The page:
A little while of sorrow, then everlasting joy

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Sermon for Jubilate – Easter 3

1 Peter 2:11-20  +  John 16:16-23

Today’s Gospel brings us back to Maundy Thursday evening, just before Jesus and His disciples went to the Garden of Gethsemane. So many things happened on that evening, so much instruction was crammed into those hours. You can understand the disciples’ confusion, including their confusion about what Jesus was saying to them here. A little while, and you will not see Me; and again a little while, and you will see Me, because I go to the Father. Confusion about not seeing Jesus, seeing Jesus again, Jesus going to the Father, sorrow and joy, a little while this and a little while that. They didn’t know what to make of it. Let’s consider the words of Jesus, how they applied to His apostles and how they apply to us.

The first “little while” Jesus spoke of was a matter of hours. Within 24 hours, Jesus would be arrested, tried, beaten, crucified, dead, and buried. His spirit would “go to the Father” as He spoke His last words from the cross, “Father, into Your hands I commend My spirit.” And His disciples wouldn’t see Him for a little while, from Friday afternoon until Sunday evening.

I say to you that you will weep and lament, but the world will rejoice; and you will be sorrowful. It’s hard to overestimate that sorrow that all of Jesus’ disciples felt during that time. It was the height of sadness and despair. You think you know sadness? You may know it. But in your darkest hour, as long as you have lived on this earth, this one truth remains, whether you perceived it or not: Jesus is alive! But for that little while between Christ’s crucifixion and His resurrection, not even that was true. The Savior was dead. The wicked, hateful world had won and was rejoicing in their victory. And Jesus’ disciples were more alone than anyone on earth has ever been. Ever.

But your sorrow will be turned into joy. The Evangelists report that Jesus’ disciples were glad when they saw the Lord. Their sorrow was turned to joy. The resurrection of Jesus changed everything. Their dead Savior was now a living Savior, and what they had thought was defeat when Jesus died turned out to be the very thing that stood between them and eternal death. The death of Jesus had paid for their sins and had purchased for them a place in heaven. And the resurrection of Jesus meant they would never be alone again. Ever. Especially before the judgment seat of God. As St. John wrote, we have an Advocate with the Father, Jesus Christ the righteous. The little while of sorrow was replaced with hope and joy that would last forever.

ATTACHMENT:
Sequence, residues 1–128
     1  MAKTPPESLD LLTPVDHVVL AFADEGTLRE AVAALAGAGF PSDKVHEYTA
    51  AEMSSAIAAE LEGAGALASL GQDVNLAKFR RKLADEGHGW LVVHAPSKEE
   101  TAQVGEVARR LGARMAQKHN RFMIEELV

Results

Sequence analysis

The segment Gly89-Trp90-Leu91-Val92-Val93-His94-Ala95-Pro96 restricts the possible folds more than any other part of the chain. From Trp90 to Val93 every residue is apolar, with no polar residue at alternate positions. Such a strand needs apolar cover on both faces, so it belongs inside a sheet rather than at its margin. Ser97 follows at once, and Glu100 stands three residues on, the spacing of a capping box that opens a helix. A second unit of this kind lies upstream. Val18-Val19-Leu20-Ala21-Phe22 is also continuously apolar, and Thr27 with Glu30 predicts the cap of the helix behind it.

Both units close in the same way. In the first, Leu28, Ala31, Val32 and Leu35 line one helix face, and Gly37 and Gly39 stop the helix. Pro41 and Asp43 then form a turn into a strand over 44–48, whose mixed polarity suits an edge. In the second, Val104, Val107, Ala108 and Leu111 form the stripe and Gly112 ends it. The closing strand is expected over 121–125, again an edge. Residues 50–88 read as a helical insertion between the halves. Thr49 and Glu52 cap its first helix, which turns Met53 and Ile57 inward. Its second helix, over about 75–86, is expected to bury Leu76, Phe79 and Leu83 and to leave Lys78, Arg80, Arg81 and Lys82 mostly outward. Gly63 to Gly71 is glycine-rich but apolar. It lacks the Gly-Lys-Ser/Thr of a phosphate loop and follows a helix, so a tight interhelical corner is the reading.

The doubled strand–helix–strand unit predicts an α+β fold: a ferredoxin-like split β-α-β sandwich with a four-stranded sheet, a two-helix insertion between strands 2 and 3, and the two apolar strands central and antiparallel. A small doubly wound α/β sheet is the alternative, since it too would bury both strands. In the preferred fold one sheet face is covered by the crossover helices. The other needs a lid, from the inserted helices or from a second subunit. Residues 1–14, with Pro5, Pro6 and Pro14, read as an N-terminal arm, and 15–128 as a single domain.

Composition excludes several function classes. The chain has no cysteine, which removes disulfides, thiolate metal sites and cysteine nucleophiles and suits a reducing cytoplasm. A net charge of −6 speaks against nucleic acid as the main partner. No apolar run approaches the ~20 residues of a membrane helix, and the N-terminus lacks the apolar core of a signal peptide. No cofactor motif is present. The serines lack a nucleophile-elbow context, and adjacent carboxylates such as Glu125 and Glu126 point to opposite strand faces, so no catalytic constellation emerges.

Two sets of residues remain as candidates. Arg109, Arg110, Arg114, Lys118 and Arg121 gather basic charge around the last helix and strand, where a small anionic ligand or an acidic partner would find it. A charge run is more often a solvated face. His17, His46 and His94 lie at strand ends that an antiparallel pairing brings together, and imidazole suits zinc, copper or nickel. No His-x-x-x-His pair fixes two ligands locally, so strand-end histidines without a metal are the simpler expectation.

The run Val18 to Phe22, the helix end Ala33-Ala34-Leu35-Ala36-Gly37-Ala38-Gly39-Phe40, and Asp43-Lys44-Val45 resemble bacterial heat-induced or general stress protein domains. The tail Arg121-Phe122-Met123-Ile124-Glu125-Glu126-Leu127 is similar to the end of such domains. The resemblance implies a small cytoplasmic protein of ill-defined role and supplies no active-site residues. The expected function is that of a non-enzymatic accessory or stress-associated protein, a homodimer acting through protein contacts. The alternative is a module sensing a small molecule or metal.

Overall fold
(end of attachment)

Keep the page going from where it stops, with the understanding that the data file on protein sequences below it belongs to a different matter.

There would be another little while—40 days—of Jesus appearing to His disciples, teaching them, and confirming their faith. And then they would not see Him again for a little while, because He was going to the Father. He would ascend into heaven and sit down at the right hand of God. There would again be some sadness in Jesus’ departure, but not anything like the sorrow of that little while when Jesus was dead. Their sorrow was now tempered with an undeniable fact: Jesus was raised from the dead and lives forever and ever. The disciples would suffer many things, including rejection, being hated, tortured, and killed for their confession of Christ. But the fact of the resurrection meant that Jesus would make them victorious in the end, just as He had been. So, for example, when Peter and John were beaten by the Jews after the Day of Pentecost, even as their bodies were wracked with pain, they rejoiced that they were counted worthy to suffer shame for His name.

Why? Because, after a little while, they would see Jesus again. For some of them, like the apostle James, it would only be a few years until he would see Jesus, because Herod would put him to death. For others, it would take a few more decades. But in any case, death, for the Christian, means going to “be with Christ, which is far better” as the Apostle Paul wrote. It means the end of all sorrow and the beginning of everlasting joy.